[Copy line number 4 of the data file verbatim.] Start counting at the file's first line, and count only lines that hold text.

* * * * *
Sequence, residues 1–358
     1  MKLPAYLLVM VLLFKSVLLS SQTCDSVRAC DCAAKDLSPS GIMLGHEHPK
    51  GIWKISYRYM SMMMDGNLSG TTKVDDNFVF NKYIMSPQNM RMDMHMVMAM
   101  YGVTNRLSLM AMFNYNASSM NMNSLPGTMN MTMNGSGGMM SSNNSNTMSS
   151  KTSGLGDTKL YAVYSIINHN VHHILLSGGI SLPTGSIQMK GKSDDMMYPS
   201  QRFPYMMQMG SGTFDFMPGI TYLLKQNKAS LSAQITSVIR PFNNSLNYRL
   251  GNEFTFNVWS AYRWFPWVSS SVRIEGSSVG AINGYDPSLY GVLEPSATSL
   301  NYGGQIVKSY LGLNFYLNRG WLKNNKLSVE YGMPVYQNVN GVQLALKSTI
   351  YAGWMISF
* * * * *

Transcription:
   101  YGVTNRLSLM AMFNYNASSM NMNSLPGTMN MTMNGSGGMM SSNNSNTMSS